Monday, March 16, 2009
How to Listen
Those who know each other well tend to anticipate each other's words and thoughts. Habitual communication creates a sense of almost-certainty about how the other is thinking and feeling. Often, these assumptions are not correct.
To take back projections and assumptions, one must become un-knowing. This is the basis for starting anew in relationships. One must un-know and ask, rather than assume.
Un-knowing and listening can be undertaken anytime, anywhere. To hear, attention must be directed to what another is saying and feeling, not to what the voice within one's own head is saying and feeling.
Here is the basis for moving beyond the ego. It is why religious orders, especially of the past, have taken vows of silence, namely, to separate from the motives that give rise to much common speaking and to improve the faculty of listening to both the human and the Divine.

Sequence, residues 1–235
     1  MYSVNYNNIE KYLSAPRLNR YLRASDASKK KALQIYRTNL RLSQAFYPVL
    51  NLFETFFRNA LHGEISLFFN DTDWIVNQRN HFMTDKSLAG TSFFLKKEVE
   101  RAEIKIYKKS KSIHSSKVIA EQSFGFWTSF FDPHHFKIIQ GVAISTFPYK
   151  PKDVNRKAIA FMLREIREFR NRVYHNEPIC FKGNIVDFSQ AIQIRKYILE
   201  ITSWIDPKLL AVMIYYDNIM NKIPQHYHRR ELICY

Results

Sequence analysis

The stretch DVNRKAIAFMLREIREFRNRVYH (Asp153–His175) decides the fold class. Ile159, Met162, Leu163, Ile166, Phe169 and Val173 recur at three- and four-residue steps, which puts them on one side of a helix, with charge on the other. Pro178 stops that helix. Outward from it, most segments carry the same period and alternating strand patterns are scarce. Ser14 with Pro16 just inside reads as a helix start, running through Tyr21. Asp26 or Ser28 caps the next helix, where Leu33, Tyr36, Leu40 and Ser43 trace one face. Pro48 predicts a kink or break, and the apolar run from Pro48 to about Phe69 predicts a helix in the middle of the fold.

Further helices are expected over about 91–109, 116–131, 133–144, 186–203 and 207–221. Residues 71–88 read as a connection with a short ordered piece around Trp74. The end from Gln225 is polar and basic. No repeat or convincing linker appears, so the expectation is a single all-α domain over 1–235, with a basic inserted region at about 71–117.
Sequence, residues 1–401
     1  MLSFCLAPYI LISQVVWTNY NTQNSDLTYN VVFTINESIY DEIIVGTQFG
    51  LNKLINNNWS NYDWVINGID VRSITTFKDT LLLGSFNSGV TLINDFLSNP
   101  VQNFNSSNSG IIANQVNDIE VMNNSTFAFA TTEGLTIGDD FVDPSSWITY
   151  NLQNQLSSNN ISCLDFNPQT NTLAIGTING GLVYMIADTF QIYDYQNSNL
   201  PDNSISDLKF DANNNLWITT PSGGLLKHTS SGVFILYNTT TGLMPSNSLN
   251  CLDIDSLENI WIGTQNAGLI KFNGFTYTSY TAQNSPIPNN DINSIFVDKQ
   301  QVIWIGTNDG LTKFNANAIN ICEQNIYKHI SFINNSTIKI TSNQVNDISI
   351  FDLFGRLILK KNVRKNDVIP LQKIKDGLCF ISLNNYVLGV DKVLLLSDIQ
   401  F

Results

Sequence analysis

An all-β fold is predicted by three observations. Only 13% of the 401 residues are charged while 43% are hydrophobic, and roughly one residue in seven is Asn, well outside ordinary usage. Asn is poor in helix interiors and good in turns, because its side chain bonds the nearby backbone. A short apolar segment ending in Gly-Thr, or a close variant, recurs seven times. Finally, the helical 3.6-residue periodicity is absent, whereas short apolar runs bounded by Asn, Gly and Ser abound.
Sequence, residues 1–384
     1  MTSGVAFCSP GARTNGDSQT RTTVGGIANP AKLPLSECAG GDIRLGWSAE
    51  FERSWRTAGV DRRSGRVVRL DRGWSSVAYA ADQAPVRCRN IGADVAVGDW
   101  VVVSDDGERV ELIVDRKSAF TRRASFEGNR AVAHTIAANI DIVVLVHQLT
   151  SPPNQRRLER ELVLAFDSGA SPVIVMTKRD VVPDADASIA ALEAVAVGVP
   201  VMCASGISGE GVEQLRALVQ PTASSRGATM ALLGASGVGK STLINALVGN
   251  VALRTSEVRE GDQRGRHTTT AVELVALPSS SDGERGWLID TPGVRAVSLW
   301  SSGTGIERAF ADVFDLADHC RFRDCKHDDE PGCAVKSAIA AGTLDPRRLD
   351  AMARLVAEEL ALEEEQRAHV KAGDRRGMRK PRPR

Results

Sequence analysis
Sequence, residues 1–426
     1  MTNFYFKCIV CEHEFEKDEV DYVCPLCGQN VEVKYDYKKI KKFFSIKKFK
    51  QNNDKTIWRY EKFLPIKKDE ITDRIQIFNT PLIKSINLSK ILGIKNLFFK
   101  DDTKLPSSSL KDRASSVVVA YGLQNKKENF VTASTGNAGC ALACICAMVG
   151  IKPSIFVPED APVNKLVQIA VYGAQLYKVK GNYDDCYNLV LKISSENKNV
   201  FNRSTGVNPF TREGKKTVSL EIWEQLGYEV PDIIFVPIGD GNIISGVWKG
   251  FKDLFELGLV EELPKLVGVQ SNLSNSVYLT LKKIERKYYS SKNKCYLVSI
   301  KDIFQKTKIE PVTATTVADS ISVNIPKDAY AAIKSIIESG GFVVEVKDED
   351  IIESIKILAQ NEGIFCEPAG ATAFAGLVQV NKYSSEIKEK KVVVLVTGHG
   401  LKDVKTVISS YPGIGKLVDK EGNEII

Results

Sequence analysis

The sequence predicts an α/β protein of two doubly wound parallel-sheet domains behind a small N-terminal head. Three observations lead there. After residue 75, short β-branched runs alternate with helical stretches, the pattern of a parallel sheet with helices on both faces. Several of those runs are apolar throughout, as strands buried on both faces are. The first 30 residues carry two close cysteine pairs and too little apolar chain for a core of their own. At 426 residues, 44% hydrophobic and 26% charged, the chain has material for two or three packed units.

Today, few take actual vows of outer silence, but many strive to take vows of inner silence. This is the silence of the mental process, the silence in which truth and compassion can emerge. The vow of inner silence reduces the power of the ego. It enables us to listen and to hear the voice of truth.
'Making a point' is not listening, it is striving to have one's own voice be heard.
'Being right' is not listening. It is assuring the ego that self-esteem and self-worth are still in place.
Being outwardly silent may involve listening, but it also may not. It may involve withdrawal and inattention.
To listen, one must let go of striving and let go of withdrawal. Pay attention. Hear with your heart. Hear the voice that speaks to you through the lips of another. Hear the pain and the beauty that lie within.
To join with another in their depth you must see them first and know who they are. Then you will know how to respond.